Daily Sitka Sentinel
One Sitka fisherman survived a night at sea crouched in a plastic fish tote and another spent the night floating in a survival suit after their boat overturned and sank about two miles off Cape Edgecumbe Friday afternoon.
A Coast Guard helicopter hoisted Ryan Harris, 19, to safety from his fish tote “lifeboat” by a Coast Guard helicopter at 4 p.m. Saturday, more than 24 hours after the 28-foot F/V Kaitlin Rae sank somewhere off Cape Edgecumbe.
Two hours earlier his crewmate, Stonie “Mac” Huffman, who had drifted all night in a survival suit, was rescued from a beach near Point Amelia. They were the only two people on the boat that sank.
They had not managed to get off a mayday before their boat sank, and the search for them started only after friends in Sitka reported them overdue Friday night.
Slightly scraped up but otherwise OK, Harris said today he is happy that both he and his buddy are alive.
“I’m glad to be here,” Harris said today.
“It’s phenomenal,” Sitka Mountain Rescue Director Don Kluting said today after helping in Saturday’s search.
“It’s truly a miracle they survived.”
Huffman was found on the beach 25 miles northwest of Sitka around 2 p.m. Saturday. He had been drifting in his survival suit since the boat overturned Friday until about 1 p.m. Saturday when he hit shore, Kluting said.
The fishing boat Nerka spotted Harris two hours later as he drifted in the four-by-four plastic bin offshore from Eagle Rock. He was hoisted to safety by a helicopter from Air Station Sitka.
Harris said Friday started out as a good day, as he and Huffman set out at 5 a.m. for a power trolling trip on the Kaitlin Rae, a drop-bow aluminum boat. The two were trying their luck around Cape Edgecumbe when disaster struck.
“We were doing pretty well,” Harris said. They were on track to haul in more than 100 cohos in one day, which had been a goal of his.
Around 1 p.m. the hydraulics gave out, and they drifted without power as they worked on repairs. Although they were able to fix the hydraulic system, they decided it would be best to pull their gear and head back into town around 2:30 p.m.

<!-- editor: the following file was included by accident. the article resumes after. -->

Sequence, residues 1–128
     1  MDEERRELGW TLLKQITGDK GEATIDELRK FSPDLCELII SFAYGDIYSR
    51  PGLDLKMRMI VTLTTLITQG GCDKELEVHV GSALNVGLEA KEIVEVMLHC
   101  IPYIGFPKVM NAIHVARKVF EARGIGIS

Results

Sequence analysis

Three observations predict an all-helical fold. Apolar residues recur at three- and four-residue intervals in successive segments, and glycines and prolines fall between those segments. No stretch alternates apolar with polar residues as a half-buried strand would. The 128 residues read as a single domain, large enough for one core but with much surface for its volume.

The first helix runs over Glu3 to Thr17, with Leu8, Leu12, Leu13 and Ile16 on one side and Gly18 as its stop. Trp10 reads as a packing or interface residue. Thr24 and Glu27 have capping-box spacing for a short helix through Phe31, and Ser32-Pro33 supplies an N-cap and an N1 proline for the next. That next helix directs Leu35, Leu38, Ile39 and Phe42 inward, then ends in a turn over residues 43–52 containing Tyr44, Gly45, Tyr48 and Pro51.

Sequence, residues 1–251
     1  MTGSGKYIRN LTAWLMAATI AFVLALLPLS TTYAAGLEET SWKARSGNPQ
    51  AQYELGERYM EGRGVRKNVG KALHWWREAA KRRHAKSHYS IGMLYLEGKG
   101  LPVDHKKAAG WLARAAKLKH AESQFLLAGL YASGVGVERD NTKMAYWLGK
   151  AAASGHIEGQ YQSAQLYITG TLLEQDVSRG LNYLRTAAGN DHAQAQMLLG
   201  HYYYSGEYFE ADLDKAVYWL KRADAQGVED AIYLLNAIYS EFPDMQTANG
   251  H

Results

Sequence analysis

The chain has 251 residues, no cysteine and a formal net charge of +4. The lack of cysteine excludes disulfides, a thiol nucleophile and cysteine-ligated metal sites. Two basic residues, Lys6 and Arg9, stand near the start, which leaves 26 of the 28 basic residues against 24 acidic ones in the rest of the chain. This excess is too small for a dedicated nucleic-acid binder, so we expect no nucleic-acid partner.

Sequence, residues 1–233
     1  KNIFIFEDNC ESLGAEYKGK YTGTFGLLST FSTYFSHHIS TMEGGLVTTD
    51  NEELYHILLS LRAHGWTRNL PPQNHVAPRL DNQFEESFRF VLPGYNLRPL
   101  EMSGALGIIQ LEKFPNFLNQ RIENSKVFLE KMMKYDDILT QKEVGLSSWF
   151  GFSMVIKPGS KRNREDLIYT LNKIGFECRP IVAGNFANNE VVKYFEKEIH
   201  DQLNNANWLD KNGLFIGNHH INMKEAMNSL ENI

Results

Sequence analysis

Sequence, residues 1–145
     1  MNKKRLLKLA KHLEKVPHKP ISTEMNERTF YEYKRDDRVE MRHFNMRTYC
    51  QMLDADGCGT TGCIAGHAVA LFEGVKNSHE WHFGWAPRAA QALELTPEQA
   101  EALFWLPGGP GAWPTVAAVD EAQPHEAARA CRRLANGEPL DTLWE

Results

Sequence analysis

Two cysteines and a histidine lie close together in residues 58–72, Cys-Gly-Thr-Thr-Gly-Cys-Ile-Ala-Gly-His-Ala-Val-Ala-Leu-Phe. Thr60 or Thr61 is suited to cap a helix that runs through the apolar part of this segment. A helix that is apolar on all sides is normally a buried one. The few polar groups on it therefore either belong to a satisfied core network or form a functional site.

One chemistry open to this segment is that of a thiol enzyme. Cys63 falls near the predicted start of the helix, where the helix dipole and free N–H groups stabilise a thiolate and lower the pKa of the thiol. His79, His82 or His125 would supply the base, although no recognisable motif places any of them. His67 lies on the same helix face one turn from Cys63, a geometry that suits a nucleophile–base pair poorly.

“We were taking some heavy waves,” Harris said of the conditions. “We went down a steep wave, we speared it, which put a lot of water in the bow of the boat.”
Immediately after that, the vessel was hit from the stern by another wave which tipped the boat on its port side, sending water to the port and destabilizing the drop-bow vessel.
Everything happened within seconds. There were two survival suits on board, but neither man was wearing one when the boat went down. Huffman handed one of them to Harris, but it hung up on the cabin door.
After the boat capsized the two men were able to climb onto the upturned hull.
“We had no radio, no cell phones,” Harris said. “A big wave came and almost knocked me loose.” Harris was wearing a float jacket and Huffman had no flotation. He was later able to grab onto a survival suit that had apparently floated up from the wreckage.
As the boat sank, the two were able to reach some empty fish totes that had washed loose and were floating nearby. Huffman stabilized a tote to allow Harris to climb inside. Despite their efforts they were unable to get Huffman into a tote. But Huffman was able to grab onto a tote lid for flotation, Harris said. With the waves reaching eight feet, the two were not able to stay together.
“As we were separating, I said, ‘We’re not going to die here,’” Harris said.
The last Harris saw of Huffman he was on the fish tote lid, drifting away.